adjacency less than or equal to 5.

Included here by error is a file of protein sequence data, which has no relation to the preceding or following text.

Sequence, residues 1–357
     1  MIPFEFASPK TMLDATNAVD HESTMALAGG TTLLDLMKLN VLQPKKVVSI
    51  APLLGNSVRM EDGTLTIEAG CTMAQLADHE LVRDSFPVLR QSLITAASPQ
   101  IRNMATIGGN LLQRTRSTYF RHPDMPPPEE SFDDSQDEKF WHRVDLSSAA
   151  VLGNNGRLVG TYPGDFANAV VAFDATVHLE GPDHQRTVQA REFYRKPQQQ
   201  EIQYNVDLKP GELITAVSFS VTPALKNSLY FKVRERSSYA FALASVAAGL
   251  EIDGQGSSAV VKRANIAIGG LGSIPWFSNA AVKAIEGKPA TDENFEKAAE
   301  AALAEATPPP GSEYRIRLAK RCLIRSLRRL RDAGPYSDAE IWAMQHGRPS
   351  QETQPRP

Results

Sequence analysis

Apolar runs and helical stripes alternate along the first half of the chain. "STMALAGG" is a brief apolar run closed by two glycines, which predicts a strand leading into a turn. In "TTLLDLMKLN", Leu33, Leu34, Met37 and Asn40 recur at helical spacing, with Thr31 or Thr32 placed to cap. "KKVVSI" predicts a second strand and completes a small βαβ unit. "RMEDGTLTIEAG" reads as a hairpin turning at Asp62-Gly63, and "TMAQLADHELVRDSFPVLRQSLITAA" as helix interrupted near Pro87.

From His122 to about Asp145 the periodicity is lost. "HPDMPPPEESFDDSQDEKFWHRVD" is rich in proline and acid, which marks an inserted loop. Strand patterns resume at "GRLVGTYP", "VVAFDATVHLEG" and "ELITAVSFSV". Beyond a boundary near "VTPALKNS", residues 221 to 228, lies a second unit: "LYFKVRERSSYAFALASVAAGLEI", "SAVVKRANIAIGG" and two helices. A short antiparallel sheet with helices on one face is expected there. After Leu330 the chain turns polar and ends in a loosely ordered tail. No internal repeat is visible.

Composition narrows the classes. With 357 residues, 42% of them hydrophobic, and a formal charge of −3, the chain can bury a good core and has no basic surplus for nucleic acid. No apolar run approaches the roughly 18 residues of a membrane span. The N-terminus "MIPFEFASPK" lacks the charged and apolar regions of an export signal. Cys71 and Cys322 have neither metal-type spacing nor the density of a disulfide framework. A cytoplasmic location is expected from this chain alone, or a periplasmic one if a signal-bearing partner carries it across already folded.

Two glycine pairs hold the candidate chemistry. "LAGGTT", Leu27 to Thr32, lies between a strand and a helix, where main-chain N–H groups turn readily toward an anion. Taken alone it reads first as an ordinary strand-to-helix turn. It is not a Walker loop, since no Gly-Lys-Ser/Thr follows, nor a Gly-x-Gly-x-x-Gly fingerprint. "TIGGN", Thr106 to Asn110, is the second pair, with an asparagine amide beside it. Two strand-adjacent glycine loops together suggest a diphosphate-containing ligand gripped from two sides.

It might be thought that the increase in the average number of synapses formed with higher adjacencies provides evidence that synapse formation is dependant on the area of contact. However, for any given pair of neurons it is possible to show that the number of synapses made between them does not substantially change with their adjacency. This proposal can be tested by considering pairs A, B which have contralateral homologues A', B'. In general A', B' will have a different adjacency from that of A, B, and they will often also form a different number of synapses. If we assume that the symaptic formation mechanisms for symmetrical pairs on the two sides are equivalent then we can test statistically whether the number of synapses formed tends to vary proportionally with the adjacency, or remains independent of adjacency. The details of the test are given in the appendix, but the results are as follows. There were 391 pairs of processes which formed synapses on both sides and showed different adjacencies on the two sides, and the value of the test statistic was 7103 with an expected standard error of around 1330. If the number of synapses varied proportionally with adjacency then the value should ideally be 0, while if it was independent the value should be around 7655. It is clearly many standard error values from 0, and only about half a standard error distance from 7655. Therefore there is strong evidence against a proportional system, and the data are consistent with the number of synapses between a given pair of neurons being determined independently of the adjacency. The slightly lower value of the calculated test statistic than that expected by a wholly independent model can be explained by the fact that there must be some effect at very low adjacencies. If the adjacency is 0 then clearly no synapses can be made, and when it is only 1 or 2 there are spatial limitations preventing a large number of synapses being formed.